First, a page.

- If the same person has, directly or indirectly, at least 25% of the voting rights or of the share capital or is entitled to at least 25% share of the income of both companies.
- If the same person and persons connected with that person holds, directly or indirectly, at east 25% of the voting rights or of the share capital or are entitled to at least 25% share of the income of both companies.
- If a group of two or more persons holds, directly or indirectly, at least 25% of the voting rights or of the share capital or are entitled to at least 25% share of the income of each company and the groups either consist of the same persons or could be regarded as consisting of the same persons by treating (in one or more cases) a member of either group as replaced by a person with whom that person is connected.
TP documentation requirementsIn accordance with the new provisions of the ITL, connected persons which are tax residents in Cyprus, or permanent establishments in Cyprus of non-tax resident persons (Liable Taxpayers) have the obligation to prepare a TP documentation file and SIT for transactions falling within the ambit of Section 33 of the ITL (e.g., intercompany transactions) subject to the conditions detailed below.The TP documentation file is to consist of the:
Master FileIn accordance with OECD TP Guidelines, the master file contains standardized information relevant for all group members of a multinational enterprise (MNE). More specifically, the Master File should provide an overview of the MNE group business, including the nature of its global business operations, its overall transfer pricing policies, and its global allocation of income and economic activity in order to assist tax administrations in evaluating the presence of significant transfer pricing risk. In general, the master file is intended to provide a high-level overview in order to place the MNE group’s transfer pricing practices in their global economic, legal, financial and tax context.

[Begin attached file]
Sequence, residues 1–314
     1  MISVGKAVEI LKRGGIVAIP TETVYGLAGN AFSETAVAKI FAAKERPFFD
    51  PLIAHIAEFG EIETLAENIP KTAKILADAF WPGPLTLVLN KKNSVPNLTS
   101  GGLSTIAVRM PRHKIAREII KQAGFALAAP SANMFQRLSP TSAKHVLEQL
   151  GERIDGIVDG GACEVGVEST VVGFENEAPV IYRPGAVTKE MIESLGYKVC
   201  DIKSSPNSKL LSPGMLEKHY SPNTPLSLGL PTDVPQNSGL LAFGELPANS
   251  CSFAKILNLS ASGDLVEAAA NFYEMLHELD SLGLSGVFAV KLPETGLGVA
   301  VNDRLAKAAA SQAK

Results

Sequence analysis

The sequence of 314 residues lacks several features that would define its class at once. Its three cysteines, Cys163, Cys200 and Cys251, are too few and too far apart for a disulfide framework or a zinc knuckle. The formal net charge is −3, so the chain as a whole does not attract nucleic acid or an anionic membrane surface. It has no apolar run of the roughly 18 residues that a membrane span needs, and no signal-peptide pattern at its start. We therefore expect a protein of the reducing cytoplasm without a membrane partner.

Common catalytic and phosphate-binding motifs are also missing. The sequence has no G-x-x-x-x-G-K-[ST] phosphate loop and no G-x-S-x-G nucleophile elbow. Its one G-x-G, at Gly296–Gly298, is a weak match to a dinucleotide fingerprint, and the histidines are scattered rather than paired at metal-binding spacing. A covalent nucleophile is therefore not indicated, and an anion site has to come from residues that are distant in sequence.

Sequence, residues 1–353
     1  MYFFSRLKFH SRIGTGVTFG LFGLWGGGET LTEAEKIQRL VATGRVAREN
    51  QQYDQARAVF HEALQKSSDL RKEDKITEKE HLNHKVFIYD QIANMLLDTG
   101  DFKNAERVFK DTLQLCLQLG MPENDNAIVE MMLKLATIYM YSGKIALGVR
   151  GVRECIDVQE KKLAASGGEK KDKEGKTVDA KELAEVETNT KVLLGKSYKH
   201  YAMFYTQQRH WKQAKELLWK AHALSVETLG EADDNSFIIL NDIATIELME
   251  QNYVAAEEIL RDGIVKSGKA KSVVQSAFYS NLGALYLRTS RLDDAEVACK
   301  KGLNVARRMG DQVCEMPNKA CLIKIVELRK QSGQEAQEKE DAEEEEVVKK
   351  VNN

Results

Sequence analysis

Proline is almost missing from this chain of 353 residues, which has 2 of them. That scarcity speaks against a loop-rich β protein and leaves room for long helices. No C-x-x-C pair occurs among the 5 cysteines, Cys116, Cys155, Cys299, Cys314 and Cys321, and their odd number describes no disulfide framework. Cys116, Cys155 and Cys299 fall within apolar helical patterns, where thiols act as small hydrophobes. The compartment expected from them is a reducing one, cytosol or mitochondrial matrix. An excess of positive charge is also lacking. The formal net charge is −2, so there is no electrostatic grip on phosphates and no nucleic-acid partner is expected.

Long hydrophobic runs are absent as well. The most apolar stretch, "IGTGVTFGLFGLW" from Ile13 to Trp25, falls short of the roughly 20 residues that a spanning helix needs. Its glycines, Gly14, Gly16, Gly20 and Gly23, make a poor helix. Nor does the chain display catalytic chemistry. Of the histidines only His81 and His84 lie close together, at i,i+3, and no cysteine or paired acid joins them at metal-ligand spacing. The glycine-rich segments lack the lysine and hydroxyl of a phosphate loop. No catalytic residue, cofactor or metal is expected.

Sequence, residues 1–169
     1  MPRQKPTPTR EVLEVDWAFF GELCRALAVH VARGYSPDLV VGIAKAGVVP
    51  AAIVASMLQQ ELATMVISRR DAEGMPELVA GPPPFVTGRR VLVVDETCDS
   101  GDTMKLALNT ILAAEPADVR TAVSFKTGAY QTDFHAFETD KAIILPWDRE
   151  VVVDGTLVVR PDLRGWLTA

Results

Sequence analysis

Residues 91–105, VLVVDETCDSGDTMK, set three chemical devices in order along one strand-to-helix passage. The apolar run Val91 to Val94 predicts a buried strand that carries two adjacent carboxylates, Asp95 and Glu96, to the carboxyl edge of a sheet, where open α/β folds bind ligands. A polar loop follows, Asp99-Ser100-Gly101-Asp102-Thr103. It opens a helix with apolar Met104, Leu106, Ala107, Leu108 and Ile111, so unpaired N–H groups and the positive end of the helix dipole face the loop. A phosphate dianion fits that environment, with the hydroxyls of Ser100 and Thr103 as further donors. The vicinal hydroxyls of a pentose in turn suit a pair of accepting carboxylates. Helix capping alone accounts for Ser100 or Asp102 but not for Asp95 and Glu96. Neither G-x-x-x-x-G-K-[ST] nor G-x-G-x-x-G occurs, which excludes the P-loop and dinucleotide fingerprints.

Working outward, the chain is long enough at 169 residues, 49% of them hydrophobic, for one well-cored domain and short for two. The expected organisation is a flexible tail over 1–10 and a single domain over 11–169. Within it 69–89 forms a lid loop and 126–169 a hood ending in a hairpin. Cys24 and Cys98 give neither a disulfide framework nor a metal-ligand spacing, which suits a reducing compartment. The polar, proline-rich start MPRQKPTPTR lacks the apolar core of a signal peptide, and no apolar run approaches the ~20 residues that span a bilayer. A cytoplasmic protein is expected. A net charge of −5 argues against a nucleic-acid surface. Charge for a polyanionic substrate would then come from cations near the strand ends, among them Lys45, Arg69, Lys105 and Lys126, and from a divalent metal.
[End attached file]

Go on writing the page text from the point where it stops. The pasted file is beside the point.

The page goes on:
- Master file
- Cypriot local file (local file)
The master file obligation is applicable for Liable Taxpayers when they act as the Ultimate Parent Entity (UPE) or Surrogate Parent Entity (SPE) for Country-by-Country Reporting purposes, as defined in the Administrative Cooperation in the field of Taxation Law.More specifically, a master file obligation will arise for Liable Taxpayers if both of the below conditions are met:
- The taxpayer is part of an MNE Group with a Country-by-Country Reporting obligation (e.g, with consolidated revenue above €750 million).
- The taxpayer is either the Ultimate Parent Entity (UPE) or the Surrogate Parent Entity (SPE).
Deadline for preparationThe master file is to be prepared by the Income Tax Return submission deadline for the respective tax year (e.g., currently 15 months after calendar year-end).
Deadline for submissionThe master file must be made available by the Liable Taxpayer at any time after the preparation deadline and submitted to the Tax Department upon request within 60 days.
UpdatesThe master file is to be updated annually, and specific reference made to any significant changes of the market conditions that may impact the information and data included in the master file.Local file